First point to note, and perhaps the most important, is that most have put in a poor share-price performance over the past year; in the case of those at the foot of the table, especially poor. So most of these offer a superior dividend yield only because their share price is depressed. But that prompts the thought, is this just a blip in performance or does the share-price weakness tell us something depressing about each company’s longer-term outlook? Put another way, will momentum continue to drag falling share prices further down, or will mean reversion kick in to reverse that trend?

Easier to ask the question than to answer it. That said, the 13 were selected mostly because forecasts for their current-year earnings and dividends produce both an acceptable dividend yield and dividend cover. The unweighted average for the 13 is a 4.5 per cent yield with cover of almost two times (52 per cent pay-out ratio).

Similarly, some emphasis went on choosing those with decent profit margins (to provide protection for profits in hard times), with a high return on assets (implying that capital is used efficiently) and without the encumbrance of too much debt; indeed, five of the 13 had no net debt at their most recent balance-sheet date and none shows a ratio of net debt to ebitda (ie, cash operating profit) higher than 0.8

Obviously, some are exceptions to those guides. Brickability (BRCK) is basically a wholesaler of building materials so narrow profit margins are a way of life, though its return on assets looks a bit thin. Finsbury Foods (FIF) is in the bakery business where tough competition drives down returns of all types. Hargreaves Services (HSP) is a re-invented coal distributor which has turned itself into an industrial services provider of various sorts but whose real value lies in its balance sheet where its tangible book value per share, at 549p, is well in excess of its share price.

The exceptionally good performer among the 13 is i3 Energy (I3E), which combines oil and gas production in Canada with appraisal wells in the UK’s North Sea whose attractions have swelled enormously this year. Thus i3 is in the happy position of generating enough cash both to distribute generously to shareholders – dividends have been paid monthly since March – and to fund its capital spending. Management is committed to distributing 1.05p per share for 2022, though City analysts reckon that amount will be exceeded and the prospective 4.7 per cent yield shown in the table is based on a 1.2p pay-out.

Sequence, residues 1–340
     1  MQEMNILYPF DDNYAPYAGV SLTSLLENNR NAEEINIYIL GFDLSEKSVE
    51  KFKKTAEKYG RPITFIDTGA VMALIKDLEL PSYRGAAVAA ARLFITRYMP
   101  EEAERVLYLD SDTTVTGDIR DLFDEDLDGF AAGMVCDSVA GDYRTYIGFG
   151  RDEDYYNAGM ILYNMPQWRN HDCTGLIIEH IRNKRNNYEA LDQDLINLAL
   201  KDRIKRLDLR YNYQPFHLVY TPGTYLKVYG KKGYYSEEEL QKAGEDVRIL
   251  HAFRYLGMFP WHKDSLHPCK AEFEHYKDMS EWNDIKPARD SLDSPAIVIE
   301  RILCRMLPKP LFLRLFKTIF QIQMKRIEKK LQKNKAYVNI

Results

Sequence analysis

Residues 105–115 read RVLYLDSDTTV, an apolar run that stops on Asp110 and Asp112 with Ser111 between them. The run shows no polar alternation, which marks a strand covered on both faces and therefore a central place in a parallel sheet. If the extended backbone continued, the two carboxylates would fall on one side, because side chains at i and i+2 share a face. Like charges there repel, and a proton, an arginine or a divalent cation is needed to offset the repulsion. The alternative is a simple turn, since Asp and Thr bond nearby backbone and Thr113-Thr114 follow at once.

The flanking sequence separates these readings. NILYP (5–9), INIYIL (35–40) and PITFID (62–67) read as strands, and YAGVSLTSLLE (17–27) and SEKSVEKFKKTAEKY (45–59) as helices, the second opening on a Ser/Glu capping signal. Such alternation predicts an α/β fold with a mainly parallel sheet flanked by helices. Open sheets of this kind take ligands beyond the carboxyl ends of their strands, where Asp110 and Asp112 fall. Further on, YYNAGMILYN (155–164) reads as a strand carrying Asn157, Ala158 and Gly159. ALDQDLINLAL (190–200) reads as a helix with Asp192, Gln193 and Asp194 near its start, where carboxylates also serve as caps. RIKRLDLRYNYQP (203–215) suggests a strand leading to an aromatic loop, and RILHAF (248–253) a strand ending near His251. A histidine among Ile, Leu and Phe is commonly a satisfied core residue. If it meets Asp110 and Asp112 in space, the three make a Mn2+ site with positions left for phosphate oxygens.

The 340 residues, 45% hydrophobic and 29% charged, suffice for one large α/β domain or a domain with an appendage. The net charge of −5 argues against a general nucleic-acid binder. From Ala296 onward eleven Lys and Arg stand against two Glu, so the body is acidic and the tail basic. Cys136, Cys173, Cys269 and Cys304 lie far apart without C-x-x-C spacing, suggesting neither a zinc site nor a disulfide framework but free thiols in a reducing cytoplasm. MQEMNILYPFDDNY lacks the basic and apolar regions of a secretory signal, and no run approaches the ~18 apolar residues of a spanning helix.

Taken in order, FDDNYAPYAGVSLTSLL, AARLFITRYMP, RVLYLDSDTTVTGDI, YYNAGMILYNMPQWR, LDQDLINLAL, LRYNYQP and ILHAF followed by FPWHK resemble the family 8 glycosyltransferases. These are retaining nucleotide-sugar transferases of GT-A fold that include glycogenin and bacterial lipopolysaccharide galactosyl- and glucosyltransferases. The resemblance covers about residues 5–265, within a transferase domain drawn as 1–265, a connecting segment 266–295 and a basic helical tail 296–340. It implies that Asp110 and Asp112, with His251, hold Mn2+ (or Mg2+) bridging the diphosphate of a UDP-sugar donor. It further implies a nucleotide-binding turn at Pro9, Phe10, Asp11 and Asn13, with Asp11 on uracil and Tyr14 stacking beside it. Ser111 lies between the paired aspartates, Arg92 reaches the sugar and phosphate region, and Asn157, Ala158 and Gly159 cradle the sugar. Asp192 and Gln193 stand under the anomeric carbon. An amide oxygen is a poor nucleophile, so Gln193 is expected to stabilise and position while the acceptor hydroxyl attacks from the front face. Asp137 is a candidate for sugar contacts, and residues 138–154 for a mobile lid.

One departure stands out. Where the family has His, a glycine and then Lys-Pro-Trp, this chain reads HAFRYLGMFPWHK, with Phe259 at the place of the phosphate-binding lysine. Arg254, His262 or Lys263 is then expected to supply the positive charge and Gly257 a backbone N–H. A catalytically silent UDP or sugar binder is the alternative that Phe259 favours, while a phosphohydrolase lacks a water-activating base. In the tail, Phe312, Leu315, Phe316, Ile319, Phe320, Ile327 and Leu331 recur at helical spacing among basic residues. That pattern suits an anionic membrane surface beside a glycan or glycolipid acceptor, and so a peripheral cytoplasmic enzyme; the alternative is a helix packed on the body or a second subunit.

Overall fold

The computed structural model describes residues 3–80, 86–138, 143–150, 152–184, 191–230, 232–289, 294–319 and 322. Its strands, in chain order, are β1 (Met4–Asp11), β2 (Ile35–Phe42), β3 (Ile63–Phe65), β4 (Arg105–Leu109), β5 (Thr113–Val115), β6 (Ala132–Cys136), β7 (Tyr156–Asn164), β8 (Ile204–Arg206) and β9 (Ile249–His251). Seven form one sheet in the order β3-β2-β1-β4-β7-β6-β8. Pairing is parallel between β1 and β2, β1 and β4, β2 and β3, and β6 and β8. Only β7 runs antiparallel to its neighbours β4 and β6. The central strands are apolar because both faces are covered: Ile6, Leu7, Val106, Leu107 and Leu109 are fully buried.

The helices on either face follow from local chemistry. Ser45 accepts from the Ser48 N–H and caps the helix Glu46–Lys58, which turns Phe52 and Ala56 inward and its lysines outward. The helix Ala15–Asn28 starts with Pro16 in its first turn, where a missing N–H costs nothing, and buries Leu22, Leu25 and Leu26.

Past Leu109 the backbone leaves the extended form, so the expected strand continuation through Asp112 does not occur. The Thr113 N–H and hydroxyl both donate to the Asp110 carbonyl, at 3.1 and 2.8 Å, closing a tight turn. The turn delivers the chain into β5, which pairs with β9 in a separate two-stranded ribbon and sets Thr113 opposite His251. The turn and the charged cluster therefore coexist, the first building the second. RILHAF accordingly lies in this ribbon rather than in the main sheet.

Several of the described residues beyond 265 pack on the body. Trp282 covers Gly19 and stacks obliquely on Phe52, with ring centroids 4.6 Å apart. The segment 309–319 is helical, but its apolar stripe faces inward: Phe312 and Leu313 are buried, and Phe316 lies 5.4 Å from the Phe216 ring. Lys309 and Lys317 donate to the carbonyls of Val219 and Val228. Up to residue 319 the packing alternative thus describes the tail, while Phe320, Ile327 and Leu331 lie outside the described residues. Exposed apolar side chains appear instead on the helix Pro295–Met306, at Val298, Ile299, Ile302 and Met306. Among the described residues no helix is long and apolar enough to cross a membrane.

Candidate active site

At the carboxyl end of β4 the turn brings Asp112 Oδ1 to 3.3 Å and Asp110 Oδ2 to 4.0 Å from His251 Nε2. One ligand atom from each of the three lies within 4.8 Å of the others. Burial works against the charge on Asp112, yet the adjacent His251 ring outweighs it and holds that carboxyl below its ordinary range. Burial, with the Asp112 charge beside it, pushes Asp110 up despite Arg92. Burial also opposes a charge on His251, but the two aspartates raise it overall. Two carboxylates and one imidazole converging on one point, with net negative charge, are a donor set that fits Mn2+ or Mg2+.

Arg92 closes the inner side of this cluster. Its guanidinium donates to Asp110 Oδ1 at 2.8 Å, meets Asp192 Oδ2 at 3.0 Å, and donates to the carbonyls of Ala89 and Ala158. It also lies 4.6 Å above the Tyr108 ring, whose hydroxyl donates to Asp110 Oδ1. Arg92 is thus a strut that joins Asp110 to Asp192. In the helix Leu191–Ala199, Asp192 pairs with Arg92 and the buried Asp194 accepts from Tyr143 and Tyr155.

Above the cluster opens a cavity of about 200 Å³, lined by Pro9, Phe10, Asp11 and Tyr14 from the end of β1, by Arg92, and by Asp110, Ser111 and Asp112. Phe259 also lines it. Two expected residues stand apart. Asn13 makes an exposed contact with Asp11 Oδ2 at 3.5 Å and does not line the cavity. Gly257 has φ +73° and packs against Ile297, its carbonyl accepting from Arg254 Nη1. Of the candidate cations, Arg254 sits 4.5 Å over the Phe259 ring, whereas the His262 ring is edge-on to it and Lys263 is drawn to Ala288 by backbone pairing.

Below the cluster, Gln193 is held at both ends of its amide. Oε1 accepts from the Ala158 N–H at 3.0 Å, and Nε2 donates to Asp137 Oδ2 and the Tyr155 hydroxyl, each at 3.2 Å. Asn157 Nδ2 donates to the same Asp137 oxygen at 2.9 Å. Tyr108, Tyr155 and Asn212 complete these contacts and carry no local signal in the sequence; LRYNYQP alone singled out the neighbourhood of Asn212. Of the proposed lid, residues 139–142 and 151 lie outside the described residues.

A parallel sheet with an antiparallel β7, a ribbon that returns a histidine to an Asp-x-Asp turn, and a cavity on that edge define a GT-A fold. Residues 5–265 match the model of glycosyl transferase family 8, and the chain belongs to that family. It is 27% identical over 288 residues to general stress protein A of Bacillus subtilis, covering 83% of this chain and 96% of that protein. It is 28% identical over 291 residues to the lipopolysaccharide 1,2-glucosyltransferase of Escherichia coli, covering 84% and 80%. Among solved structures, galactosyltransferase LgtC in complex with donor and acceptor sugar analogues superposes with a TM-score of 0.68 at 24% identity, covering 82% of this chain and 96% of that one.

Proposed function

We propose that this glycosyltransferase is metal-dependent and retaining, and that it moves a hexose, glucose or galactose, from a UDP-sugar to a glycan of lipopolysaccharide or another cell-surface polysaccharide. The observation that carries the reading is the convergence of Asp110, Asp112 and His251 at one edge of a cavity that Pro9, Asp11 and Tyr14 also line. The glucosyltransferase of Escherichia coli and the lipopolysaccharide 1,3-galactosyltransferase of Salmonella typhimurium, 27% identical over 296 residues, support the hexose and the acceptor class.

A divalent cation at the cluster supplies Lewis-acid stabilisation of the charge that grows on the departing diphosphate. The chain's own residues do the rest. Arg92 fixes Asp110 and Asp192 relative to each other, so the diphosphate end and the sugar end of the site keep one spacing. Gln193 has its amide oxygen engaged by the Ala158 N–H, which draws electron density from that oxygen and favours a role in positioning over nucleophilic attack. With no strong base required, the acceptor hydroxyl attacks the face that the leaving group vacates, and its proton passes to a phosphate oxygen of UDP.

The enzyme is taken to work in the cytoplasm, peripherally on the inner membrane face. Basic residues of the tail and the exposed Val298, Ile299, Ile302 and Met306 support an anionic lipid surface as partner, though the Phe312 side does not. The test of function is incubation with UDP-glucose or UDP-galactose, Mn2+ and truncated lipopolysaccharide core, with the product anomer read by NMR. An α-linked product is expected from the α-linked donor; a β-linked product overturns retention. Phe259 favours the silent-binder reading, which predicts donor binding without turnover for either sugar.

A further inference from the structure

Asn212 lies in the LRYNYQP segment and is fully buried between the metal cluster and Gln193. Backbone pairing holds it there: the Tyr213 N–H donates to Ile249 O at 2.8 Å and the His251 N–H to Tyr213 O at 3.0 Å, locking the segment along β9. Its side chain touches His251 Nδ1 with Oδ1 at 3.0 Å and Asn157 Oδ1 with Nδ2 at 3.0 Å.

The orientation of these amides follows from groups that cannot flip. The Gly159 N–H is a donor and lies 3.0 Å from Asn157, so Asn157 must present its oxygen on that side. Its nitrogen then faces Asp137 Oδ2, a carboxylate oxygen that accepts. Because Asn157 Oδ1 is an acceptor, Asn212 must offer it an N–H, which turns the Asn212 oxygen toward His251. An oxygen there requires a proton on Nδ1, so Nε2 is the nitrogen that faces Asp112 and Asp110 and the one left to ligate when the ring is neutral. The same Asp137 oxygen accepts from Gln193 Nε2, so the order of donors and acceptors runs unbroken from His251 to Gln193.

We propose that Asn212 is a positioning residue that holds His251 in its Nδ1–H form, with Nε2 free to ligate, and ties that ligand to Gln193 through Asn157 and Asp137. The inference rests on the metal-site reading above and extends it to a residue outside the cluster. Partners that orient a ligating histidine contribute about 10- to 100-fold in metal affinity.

As with almost all small oil and gas explorers, the question is, when the going is good, how long will it last? Back in February, the company’s City adviser suggested the shares were worth 30.5p each. If that figure has not been increased, it still offers 20 per cent upside, though that’s probably not a sufficiently wide margin of safety for sensible investors. Still, more should be known when i3 releases its first-half results for 2022 later this month.

Elsewhere, there is a former Bearbull holding, gold miner Pan African Resources (PAF), whose price, at 17.7p, is not much higher than when Bearbull bought in early 2017. Somehow, that’s how it is with Pan African, its price rarely escapes a narrow band between 10p and 25p come what may.

One whose price has escaped is Smart Metering Systems (SMS), which installs inter-active power meters and whose rating, at 67 times forecast earnings, seems almost higher than the others put together. Sure, owning its shares would have been a great hedge against the rising energy costs of the ‘Net Zero Transition’ and everyone knows smart meters bring more benefit to suppliers than to consumers. Maybe that’s why their roll out has been slower than the power industry hoped for and I would guess a lot of future roll out is in Smart Metering’s price.

Perhaps most tempting is long-term Investors’ Chronicle favourite James Halstead (JHD), whose share price has fallen on comparatively hard times – it is 36 per cent below its 2022 high – as costs faced by the floor-coverings maker rise and profit margins tighten. Even so, its bosses say sales for the year to end June were about 10 per cent up on the year. Meanwhile, the coming recession is pushing customers towards the comparatively cheap solution offered by Halstead’s vinyl products and its management has already stocked up in anticipation of further rises in input costs. In short, no factors suggest that Halstead will struggle to maintain the near-inexorable rise in its dividends, whose growth has compounded at 7.5 per cent annually since 2012. If any of the 13 go into the Bearbull Income Fund, to replace another Aim stock, R&Q Insurance (RQIH), it would surely be Halstead.